Hey there, this is Pike coming at you again from the Semichi Islands. Another day, another deployment. We’ve been in the Aleutians aboard the r/v Oceanus for just over a week now, diving in frigid water almost every day now. After trawling on Attu, we began our steam eastward; in the pre-dawn gloom we “dropped hook” in a small island cluster known as the Semichis.
As we stumbled out of our bunks and towards the galley, following the smell of breakfast and hot coffee, a peculiar sight caught my attention; lights in the distance. Deceived by a brain still half-asleep, it took me a minute to process what I saw. Since leaving Adak the last week the only signs of humans we’ve seen have been remnants of WWII and the flotsam that’s washed up on the beaches. Here, in one of the most remote places on the planet, we hardly expect to see another living soul. And yet, what looked like a small city twinkled persistently on the horizon. As the sky began to lighten I realized what we were seeing; the military base on Shemya. During the Cold War the US built a top-secret radar station here, and to this day the ominous “boom box” still listens for ballistic missiles, should they enter US airspace.
But we’re not here in the Semichis to gawk; we have our experiments to deploy and samples to collect. As stated before, the benthic productivity chambers (three in each of three habitat-types) are a beast to deploy. It takes all five divers from the Edwards Lab to set them up; we use lengths of heavy chain and whatever rocks we can find to make sure our chambers, and their respective sensors, stay upright all through the day and night.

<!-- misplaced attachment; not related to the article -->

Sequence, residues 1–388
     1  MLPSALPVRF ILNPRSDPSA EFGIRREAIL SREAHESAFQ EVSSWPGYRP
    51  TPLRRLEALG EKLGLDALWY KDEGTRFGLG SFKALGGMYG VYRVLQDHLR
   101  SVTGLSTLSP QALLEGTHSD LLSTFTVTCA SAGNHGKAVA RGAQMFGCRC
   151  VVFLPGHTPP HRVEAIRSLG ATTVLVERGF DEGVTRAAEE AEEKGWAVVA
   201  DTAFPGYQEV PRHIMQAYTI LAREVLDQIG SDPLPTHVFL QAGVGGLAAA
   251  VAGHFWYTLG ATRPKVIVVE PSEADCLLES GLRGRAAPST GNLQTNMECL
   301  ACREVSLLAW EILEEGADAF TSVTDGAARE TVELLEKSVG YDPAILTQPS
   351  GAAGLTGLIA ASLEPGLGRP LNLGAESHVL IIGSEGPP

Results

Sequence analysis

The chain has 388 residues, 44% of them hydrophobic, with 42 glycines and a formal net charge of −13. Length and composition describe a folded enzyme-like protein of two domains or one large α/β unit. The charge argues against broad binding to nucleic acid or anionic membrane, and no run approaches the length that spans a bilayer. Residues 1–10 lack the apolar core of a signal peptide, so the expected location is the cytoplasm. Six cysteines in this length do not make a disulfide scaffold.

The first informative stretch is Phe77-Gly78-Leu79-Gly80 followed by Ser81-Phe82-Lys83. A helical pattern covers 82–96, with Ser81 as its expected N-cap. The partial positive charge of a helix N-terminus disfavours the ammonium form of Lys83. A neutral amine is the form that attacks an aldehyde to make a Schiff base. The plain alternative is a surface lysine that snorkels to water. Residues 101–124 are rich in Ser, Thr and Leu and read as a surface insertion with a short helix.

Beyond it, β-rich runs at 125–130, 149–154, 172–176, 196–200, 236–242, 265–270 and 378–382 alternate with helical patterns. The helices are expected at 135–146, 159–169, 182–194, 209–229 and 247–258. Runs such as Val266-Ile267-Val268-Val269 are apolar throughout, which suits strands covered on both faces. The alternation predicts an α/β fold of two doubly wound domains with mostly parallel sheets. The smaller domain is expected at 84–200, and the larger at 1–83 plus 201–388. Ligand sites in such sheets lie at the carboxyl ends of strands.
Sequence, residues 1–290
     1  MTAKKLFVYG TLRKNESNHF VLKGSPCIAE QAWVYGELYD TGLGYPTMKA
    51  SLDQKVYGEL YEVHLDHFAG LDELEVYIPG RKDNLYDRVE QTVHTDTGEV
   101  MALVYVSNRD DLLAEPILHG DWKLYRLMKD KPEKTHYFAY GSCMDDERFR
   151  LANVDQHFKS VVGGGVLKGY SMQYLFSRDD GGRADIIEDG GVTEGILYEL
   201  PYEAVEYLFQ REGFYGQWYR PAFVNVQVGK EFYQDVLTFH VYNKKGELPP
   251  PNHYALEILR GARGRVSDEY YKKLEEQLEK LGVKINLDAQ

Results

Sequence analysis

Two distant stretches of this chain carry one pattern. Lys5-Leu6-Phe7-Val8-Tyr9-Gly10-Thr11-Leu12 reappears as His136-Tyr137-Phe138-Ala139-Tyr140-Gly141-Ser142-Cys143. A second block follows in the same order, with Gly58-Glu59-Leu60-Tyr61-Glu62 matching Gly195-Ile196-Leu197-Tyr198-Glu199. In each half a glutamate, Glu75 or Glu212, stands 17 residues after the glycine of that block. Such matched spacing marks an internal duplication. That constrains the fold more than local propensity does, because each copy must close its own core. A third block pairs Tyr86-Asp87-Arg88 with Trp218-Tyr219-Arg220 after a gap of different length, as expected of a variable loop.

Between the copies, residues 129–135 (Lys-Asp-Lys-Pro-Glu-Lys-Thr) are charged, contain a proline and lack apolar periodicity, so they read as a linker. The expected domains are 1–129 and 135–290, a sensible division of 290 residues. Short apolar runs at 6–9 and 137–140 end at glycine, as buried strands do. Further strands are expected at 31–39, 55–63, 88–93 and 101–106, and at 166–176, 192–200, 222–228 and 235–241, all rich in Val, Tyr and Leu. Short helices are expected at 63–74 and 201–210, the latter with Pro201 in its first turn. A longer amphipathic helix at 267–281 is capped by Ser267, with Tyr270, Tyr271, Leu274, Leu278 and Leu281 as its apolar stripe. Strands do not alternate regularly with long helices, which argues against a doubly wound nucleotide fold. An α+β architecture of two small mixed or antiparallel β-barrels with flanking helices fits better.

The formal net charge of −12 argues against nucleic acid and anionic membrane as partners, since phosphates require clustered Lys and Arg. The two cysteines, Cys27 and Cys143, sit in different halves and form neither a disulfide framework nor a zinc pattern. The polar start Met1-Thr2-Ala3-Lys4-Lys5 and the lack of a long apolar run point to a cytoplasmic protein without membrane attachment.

For those of you that might have missed it, inside each chamber we mount an oxygen and temperature sensor and a PAR sensor. PAR stands for “photosynthetically active radiation” or, more simply, the specific part of the light spectrum that plants and algae use for photosynthesis. The productivity chambers allow us to gain an understanding of what’s going in a fixed volume of water, which is important when we go to calculate the overall productivity of a system. What do we mean by productivity? We’re essentially looking at the difference between production (measured in the amount of oxygen produced) and respiration (the amount of oxygen consumed). Plants (and algae of course) and animals respire, but only photosynthesizers produce oxygen. Once we have a measurement of oxygen produced/consumed inside the chambers, we can compare that to the data gathered by the sensors we leave outside of the chambers, which are recording what’s going on in the environment.
At the end of the 24-hr deployment, we “ground-truth” our measurements by collecting all of the organisms inside of the chambers when we go to pick them up and measure their biomass aboard the Oceanus. All the while we’re at sea, diving and steaming between islands, a colleague from Kunsan National University in Korea, Dr. Ju-Hyoung, and another Edwards Lab member, Sadie Small, run on-board experiments so we can get measurements on individual species’ rates of oxygen consumption/production.
Alright, I think that’s enough ecology for today. Be sure to check back in, after the Semichis we’re heading east again towards yet another island.
Until then, this is Pike (aka Baron von Urchin) checking in from the Aleutian Archipelago